Before you can cure, you will need to know when your Pumpkins and Winter Squash are ready to be cured. Besides from their ripe mature color, the fruit has other clues that will let you know that the time to remove them from the dying plant is now. The most obvious cue is to look at the stem; if it has died off and turned hard you know that the fruits are ready. Cut your home-grown beauties free complete with 4 inches of the stem to ensure that a fail-safe seal at the top of the fruit. If heavy frosts threaten (a light frost won’t damage fruits) you will need to bring in all of your fruits, even if they are not quite ready. If you find yourself in this predicament don’t worry – just leave a bit more stem, including the 4 inch section of main stem that will leave a T-shaped handle. The additional stem will allow the fruit to form a proper seal between the stalk and the top of the fruit all in good time. Mostly handle the fruit carefully, especially do not handle by the delicate stem but handle the fruit by cupping it by placing in the palms of your hand or hands. By damaging the stem (holding the plant by it) you could have real trouble later by allowing outside molds and fungal spores to invade. By Storing squash, this simple process will save you money by serving up garden-fresh flavors in the heart of the winter months. Savory soups, sweet desserts, and steamy side dishes are some of the tastiest uses for winter squash, Just think that at Thanksgiving you can serve many dishes from your harvest.. Curing is the secret to successful long-term storage, and it’s almost as easy as harvesting. Curing is simple- just store your winter squash at a warm temperature with good air circulation for a period of time, usually 10 to 14 days. When you harvest winter squash, the mature fruits contain excess water. The process of curing squash allows some of that water to exit the fruit. A harvested winter squash continues to breathe or respire. During the curing process, the skin becomes harder, forming a protective layer over flesh. That harder skin slows respiration, which ultimately improves fruit keeping quality. Harder skin also resists rot better, another secret for problem-free long-term storage. Winter squash that requires curing includes Blue Hubbard, Buttercup, Butternut, and Spaghetti. Curing actually reduces storage life and quality of Acorn squash—no need to devote time or space to curing these. Getting rid of excess water does several things: Curing will take more than just a few days, space and lay down all of your winter fruits, put into a greenhouse or as sunny a location that you have after you have brushed off all the dirt, and let them sunbathe , after about 2 weeks flip them over and allow the bottoms to get a suntan as well. As the skins harden up further by the sun, they are creating a longer lasting seal. Their color will enrich as they become sweeter and have a more intense flavor. One final treatment before they are put into storage is a polish of olive oil that is applied with a cloth that will create a moisture tight finish. As other fruits and root vegetables that are being stored for the colder months, pumpkins and winter squash prefer a well ventilated dry place, however this is where the similarity ends, these thick skinned fruits are most happy kept at a room temperature of 68°F. So it can be either in a frost free out of the way out building or in some room in your home. Keep the fruits up and off of any hard surface. Like put them on a raised surface or a wire mesh that is on a thick layer of newspaper or straw. You need to have air circulating ALL around the fruit and than means the the resting area as well. And do not stack any of these fruits as this will reduce the airflow that will generate pressure points that will make them vulnerable to infection. Store them in a single layer and keep them well clear of other stored tree fruits, which can emit ethylene gas and speed the aging process If your crops are out in a garage or shed, check on them regularly. Look out for signs of mice, moles, squirrel etc, and treat then treat accordingly. Any fruits that look like they are turning should be used immediately.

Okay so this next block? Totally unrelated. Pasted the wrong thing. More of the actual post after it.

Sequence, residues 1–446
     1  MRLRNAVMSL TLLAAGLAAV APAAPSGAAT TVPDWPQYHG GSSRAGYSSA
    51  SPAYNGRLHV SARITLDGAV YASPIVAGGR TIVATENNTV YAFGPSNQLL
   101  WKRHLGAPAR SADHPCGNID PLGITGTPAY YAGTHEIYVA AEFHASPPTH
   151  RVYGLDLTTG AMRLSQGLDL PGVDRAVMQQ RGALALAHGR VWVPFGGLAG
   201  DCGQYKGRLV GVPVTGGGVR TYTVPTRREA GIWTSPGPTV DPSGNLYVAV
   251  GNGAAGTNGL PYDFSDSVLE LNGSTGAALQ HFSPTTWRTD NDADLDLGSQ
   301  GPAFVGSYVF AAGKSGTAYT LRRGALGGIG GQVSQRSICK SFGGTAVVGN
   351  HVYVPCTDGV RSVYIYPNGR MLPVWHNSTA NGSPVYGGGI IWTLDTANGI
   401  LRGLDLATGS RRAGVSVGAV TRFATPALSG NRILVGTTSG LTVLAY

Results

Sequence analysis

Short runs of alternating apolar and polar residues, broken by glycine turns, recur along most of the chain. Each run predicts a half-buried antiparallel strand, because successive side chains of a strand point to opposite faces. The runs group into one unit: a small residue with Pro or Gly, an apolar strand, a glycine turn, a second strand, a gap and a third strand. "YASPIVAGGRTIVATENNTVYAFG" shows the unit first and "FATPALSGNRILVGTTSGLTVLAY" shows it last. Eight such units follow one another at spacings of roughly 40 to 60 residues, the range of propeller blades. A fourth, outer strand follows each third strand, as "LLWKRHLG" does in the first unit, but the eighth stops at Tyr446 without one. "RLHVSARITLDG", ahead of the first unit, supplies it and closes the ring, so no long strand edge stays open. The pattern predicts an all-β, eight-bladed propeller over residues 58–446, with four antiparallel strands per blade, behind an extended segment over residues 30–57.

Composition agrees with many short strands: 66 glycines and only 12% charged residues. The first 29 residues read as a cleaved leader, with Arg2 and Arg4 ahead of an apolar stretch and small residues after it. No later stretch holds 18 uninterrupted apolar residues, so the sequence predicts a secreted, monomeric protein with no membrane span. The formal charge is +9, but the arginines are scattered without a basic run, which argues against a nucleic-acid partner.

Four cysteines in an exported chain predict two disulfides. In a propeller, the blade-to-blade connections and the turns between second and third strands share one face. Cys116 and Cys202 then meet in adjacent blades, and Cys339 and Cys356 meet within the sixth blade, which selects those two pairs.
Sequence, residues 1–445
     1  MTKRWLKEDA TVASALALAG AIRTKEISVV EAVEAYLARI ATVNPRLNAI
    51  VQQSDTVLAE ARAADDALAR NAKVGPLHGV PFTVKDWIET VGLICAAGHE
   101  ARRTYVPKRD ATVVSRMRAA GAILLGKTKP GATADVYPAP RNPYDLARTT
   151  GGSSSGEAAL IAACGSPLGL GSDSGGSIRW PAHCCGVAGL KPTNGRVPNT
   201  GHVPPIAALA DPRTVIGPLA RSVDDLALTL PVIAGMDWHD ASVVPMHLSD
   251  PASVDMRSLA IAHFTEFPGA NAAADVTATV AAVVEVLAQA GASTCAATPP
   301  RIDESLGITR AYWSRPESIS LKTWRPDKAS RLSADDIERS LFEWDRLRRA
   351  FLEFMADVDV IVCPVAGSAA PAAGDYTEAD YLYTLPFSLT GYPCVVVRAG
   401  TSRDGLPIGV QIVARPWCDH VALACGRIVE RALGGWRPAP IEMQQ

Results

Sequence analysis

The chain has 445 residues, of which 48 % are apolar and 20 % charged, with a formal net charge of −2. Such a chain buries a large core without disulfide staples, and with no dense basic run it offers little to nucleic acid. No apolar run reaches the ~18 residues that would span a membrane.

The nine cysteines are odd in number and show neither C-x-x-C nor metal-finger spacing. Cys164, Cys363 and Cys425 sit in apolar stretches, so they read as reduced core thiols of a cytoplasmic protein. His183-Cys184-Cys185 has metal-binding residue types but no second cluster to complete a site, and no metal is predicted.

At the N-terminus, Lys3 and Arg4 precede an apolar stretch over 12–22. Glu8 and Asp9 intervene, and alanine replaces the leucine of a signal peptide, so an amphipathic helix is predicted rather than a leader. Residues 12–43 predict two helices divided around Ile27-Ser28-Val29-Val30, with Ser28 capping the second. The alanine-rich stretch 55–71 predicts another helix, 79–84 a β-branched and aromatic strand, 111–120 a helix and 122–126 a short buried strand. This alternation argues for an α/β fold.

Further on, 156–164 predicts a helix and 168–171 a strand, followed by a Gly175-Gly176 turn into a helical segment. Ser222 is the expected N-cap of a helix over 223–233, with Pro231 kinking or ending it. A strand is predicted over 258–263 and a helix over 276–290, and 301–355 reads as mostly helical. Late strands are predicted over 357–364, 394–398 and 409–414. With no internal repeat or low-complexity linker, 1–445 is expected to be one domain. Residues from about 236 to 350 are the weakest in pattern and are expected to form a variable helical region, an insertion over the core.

It concentrates the natural sugars, which makes the squash taste sweeter.